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Wednesday, May 19, 2010

Proof Retail Based Enabling Development is a Folly


Today the owners of Liverpool’s St John’s shopping centre scrapped plans for a £100m redevelopment due to “over supply of retail” in the city.

A Land Securities spokesperson explained, “There is a local oversupply of retail and it would not be prudent of us to bring forward further space. “

Since their surprise at having their last retail based enabling association blocked, due to massive departures from agreed planning policy, Everton have continued to pursue this type of funding model with their CEO recently stating “to bring a stadium to life is a Kirkby type funding model with substantial private sector support facilitated by a supportive and progressive City Council.”

KEIOC’s has made its position clear; firstly, despite a change in council no sizable retail based enabling development will happen particularly at their favoured central location. Secondly, it’s now accepted that the type of stadium that this model would deliver is grossly inappropriate for a club with ambition, as even with near capacity crowds and non-existent events a mere £6m would be generated for the club. Finally, it is now apparent that this "at all costs" move from Goodison is for the benefit of another company.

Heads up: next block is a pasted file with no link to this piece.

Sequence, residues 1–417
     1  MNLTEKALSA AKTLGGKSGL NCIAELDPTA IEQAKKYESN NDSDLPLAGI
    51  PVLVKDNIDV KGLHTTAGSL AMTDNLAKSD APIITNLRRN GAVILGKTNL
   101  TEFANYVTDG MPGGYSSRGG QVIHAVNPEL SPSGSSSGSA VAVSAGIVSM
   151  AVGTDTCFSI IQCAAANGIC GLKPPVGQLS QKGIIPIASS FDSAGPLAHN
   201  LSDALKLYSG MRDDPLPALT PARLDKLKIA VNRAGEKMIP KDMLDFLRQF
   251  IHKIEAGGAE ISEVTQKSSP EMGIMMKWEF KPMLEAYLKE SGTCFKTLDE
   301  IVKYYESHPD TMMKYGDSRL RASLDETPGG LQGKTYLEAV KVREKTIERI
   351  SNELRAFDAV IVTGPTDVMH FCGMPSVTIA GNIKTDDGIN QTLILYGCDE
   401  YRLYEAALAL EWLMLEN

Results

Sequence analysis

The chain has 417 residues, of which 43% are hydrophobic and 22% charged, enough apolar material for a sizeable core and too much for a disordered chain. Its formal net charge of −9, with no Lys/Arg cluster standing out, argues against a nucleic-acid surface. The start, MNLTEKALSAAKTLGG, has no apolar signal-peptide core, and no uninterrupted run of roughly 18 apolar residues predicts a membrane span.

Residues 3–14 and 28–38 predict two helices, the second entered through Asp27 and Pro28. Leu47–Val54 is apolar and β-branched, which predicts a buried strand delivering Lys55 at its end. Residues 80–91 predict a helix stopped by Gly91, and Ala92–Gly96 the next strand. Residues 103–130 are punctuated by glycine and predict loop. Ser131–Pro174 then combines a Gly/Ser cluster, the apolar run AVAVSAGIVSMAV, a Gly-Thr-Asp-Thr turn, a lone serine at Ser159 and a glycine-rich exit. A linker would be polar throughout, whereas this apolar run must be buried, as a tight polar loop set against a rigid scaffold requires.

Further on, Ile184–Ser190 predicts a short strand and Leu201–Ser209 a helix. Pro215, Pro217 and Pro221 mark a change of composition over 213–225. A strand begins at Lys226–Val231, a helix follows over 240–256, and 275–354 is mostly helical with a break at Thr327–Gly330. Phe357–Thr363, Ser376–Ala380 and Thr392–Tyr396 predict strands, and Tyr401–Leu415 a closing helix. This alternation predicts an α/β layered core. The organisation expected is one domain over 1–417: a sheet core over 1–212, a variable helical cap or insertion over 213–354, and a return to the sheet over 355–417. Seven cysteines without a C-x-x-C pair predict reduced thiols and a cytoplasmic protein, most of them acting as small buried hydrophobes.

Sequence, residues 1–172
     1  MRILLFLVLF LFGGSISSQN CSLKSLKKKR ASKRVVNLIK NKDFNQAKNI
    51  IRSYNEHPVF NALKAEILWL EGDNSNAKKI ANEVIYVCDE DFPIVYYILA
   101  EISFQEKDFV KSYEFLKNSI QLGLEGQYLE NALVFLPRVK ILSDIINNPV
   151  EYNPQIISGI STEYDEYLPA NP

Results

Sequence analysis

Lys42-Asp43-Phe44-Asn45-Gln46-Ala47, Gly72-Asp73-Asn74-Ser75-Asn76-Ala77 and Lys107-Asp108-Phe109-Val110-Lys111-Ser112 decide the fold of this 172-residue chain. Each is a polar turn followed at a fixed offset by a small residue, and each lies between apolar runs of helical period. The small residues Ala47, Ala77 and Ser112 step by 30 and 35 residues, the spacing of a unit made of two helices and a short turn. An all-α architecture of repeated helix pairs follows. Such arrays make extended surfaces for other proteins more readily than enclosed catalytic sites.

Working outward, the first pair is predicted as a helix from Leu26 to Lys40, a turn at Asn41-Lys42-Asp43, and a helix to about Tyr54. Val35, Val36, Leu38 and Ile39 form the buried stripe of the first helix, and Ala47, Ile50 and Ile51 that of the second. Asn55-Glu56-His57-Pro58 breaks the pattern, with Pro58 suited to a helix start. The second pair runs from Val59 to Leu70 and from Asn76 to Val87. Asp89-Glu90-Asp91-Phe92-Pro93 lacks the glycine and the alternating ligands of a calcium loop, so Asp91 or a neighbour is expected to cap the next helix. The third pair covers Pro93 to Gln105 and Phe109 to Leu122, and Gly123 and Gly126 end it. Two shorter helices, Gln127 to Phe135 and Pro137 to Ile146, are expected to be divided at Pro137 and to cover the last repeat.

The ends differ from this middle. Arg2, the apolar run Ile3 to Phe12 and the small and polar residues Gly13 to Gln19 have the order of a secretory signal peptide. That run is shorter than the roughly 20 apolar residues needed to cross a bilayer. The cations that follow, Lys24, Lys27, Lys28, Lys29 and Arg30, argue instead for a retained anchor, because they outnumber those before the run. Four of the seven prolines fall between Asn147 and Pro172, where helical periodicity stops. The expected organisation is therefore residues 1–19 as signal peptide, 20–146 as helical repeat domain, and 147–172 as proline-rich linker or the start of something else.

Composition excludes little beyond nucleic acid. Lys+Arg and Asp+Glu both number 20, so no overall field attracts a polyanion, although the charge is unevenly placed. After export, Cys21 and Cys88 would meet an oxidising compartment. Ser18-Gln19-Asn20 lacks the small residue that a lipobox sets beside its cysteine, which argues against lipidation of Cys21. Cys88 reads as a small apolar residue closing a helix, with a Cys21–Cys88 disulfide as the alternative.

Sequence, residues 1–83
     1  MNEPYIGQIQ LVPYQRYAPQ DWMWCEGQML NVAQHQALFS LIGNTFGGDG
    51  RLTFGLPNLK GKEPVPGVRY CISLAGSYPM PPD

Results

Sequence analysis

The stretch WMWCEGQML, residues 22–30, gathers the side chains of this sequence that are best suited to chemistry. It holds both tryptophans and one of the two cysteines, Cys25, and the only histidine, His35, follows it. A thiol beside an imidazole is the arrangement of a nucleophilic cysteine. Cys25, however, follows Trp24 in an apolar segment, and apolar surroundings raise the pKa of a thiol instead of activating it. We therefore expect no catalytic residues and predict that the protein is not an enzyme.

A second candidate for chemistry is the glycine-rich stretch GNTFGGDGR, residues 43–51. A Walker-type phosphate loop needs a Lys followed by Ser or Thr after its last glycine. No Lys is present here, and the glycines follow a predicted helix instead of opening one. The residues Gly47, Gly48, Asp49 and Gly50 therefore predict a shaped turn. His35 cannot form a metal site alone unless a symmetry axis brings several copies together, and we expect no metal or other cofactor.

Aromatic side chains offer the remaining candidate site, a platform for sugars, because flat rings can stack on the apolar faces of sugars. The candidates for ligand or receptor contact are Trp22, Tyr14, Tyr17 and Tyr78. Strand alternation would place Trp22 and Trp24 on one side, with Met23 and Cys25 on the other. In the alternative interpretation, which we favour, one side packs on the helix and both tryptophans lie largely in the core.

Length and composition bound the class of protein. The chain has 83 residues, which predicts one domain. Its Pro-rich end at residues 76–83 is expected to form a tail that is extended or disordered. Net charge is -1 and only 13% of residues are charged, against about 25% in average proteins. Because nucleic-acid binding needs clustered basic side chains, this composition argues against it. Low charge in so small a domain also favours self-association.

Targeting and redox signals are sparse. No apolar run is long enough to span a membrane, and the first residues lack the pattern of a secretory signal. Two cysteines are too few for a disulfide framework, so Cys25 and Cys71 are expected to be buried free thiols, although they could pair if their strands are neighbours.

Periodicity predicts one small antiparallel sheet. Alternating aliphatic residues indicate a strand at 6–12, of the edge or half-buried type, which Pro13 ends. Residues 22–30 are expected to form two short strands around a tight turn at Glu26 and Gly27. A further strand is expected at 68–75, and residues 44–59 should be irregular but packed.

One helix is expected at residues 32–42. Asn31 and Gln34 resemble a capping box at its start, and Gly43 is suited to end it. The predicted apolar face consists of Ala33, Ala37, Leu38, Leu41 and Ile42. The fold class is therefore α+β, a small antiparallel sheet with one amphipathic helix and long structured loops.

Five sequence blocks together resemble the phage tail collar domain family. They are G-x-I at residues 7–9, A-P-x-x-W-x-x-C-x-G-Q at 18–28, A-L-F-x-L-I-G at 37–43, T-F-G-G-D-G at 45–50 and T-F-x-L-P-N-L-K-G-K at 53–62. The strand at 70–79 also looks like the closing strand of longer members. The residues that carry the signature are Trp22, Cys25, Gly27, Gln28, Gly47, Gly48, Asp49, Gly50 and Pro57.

Alleged Evertonian and CEO of Tesco Terry Leahy has recently stated “I think, for their own reasons which you can understand, Everton for the moment are not progressing with Kirkby and are considering other options. I think it could still be on the table, yes. But I can understand why the club want to consider other options.”

Tesco are currently embroiled in a legal action against Liverpool City Council and St Modwen’s which is preventing supermarket rival Sainsbury’s building their largest supermarket in Liverpool in nearby Great Homer St.

Once again KEIOC are advising the club that the no nonsense approach of  incremental redevelopment of Goodison Park can begin this year, can be achieved with no additional debt burden and would “enable” Everton to significantly increase their revenue streams through the development, within a football quarter, of a smart stadium ; that is one that brings in revenue on more of the 340 days a year when Goodison wouldn’t be operating as a football stadium.

This option isn’t popular with the advisors to the Everton board so we’re likely to once again observe the usual pantomime which genuine Evertonians and shareholders have sadly become accustomed to.

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